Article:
In new reports coming out of the Beehive State, the Church of Jesus Christ of Latter-Day Saints—commonly known as the Mormon Church—has voiced opposition to a bill that would allow Utah medical marijuana.
The bill, which has been spearheaded largely by Senator Mark Madsen, would make Utah the 24th state to legalize the use of cannabis for medicinal purposes.
Utah’s medical marijuana movement has been making headlines in recent months, especially after a survey revealed that 61 percent of all Utahns actively support such a law.
Despite popular support, however, local news sources have indicated that the Mormon Church has begun ramping up its opposition to Madsen’s bill.
The Church has, however, not opposed a different bill that would allow patients to use cannabis extracts, but that would continue to outlaw the use of cannabis buds.
The Mormon Church, which is headquartered in Salt Lake City, has historically had a significant influence on Utah politics. Roughly 60 percent of the state identifies as members of the church, and many Utah lawmakers are Mormon.
“Along with others, we have expressed concern about the unintended consequences that may accompany the legalization of medical marijuana,” Church spokesperson Eric Hawkins said.
“We have expressed opposition to Senator Madsen’s bill because of that concern. We are raising no objection to the other bill that addresses this issue.”
But Madsen said the Church has not been clear on why it opposes his bill.
“I asked them, ‘Can we have some kind of a productive, meaningful conversation?'” Madsen told reporters.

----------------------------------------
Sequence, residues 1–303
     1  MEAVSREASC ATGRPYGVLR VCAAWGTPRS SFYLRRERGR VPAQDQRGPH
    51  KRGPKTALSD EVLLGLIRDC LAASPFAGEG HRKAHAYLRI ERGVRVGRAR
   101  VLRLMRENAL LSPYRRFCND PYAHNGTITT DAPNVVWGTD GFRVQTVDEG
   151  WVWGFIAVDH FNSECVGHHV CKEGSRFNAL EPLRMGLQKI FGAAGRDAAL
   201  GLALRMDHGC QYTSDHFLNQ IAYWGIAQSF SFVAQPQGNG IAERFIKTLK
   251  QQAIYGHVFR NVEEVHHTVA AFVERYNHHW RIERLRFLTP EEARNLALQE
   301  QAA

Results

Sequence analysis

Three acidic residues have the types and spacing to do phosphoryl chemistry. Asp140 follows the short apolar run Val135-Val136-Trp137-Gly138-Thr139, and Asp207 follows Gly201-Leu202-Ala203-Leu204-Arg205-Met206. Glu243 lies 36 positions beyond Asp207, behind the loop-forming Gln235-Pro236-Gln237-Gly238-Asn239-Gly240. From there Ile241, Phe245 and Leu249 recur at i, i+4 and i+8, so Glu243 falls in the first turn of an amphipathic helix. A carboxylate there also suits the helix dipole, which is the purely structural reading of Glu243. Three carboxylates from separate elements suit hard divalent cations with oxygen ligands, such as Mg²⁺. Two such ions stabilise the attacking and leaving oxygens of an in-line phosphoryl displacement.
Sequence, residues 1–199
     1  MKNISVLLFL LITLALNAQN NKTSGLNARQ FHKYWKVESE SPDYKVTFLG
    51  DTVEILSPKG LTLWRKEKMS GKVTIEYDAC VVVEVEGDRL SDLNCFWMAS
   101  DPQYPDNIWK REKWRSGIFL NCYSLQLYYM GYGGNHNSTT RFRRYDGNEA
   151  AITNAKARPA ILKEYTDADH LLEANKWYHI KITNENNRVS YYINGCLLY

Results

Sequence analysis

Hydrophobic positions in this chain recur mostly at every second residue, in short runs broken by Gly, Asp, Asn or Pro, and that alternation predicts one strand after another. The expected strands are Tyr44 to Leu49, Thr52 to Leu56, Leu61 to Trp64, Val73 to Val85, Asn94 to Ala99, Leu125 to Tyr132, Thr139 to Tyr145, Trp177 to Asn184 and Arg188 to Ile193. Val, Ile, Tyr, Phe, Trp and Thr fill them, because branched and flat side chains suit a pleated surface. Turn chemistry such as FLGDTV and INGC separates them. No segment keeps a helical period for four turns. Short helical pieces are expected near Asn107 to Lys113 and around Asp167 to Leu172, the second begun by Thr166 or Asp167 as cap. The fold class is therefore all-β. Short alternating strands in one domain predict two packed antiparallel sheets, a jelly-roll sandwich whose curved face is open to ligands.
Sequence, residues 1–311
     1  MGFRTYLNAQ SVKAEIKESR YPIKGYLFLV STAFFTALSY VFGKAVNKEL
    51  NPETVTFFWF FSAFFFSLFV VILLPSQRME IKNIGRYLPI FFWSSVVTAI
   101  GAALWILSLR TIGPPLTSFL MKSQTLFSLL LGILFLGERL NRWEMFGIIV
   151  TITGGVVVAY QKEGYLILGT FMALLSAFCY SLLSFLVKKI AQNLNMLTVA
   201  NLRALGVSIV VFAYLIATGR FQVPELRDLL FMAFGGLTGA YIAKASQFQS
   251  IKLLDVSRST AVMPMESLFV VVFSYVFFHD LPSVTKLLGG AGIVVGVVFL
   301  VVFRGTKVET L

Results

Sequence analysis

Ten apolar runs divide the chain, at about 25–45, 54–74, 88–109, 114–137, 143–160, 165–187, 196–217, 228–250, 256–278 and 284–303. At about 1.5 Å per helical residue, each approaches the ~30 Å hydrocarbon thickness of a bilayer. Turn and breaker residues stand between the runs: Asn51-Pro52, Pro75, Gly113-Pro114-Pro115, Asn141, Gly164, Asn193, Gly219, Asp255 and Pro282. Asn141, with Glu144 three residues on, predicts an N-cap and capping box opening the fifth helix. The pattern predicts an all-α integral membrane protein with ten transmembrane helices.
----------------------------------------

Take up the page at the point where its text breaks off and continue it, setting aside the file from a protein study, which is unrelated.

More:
“And each time they just said, ‘You know the difference between the other bill. It’s not the other bill.’ So I say, ‘THC?’ And I get a vague nod.”
Madsen said the Mormon Church employs a team of lobbyists to represent the Church’s interests in local government, and that when the Church speaks out on an issue, it usually has significant influence.
“If they’re going to put their thumb on the scale politically and force everyone to a standard, then I think they owe something of an explanation to the people,” Madsen said.
In addition to surveys finding popular support for the move to legalize medical marijuana, a group of Utah moms have made national headlines recently in their efforts to secure access to medical cannabis.
Sarah Ellett has come under fire from the Utah Division of Child and Family Services for treating her daughter’s panhypopituitarism—a rare disorder affecting the pituitary gland—with cannabis oil, which she says is the only effective treatment she’s found for her daughter so far.
Similarly, Enedina Stanger faced charges of child endangerment when she began using cannabis to treat her Ehlers-Danlos syndrome.
Stanger said that marijuana is the first thing to provide consistent relief from the pain her condition causes. She and her family have since moved to Colorado, where she can legally access medicinal cannabis.